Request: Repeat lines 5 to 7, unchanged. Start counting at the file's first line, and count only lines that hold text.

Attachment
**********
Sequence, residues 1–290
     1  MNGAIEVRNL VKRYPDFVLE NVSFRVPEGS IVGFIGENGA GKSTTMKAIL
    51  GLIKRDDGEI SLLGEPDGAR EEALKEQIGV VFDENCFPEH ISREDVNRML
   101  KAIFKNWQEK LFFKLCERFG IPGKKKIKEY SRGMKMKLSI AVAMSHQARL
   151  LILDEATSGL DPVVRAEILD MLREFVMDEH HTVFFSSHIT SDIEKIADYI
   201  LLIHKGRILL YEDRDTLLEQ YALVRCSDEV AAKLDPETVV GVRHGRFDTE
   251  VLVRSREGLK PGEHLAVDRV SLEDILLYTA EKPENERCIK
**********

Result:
   151  LILDEATSGL DPVVRAEILD MLREFVMDEH HTVFFSSHIT SDIEKIADYI
   201  LLIHKGRILL YEDRDTLLEQ YALVRCSDEV AAKLDPETVV GVRHGRFDTE
   251  VLVRSREGLK PGEHLAVDRV SLEDILLYTA EKPENERCIK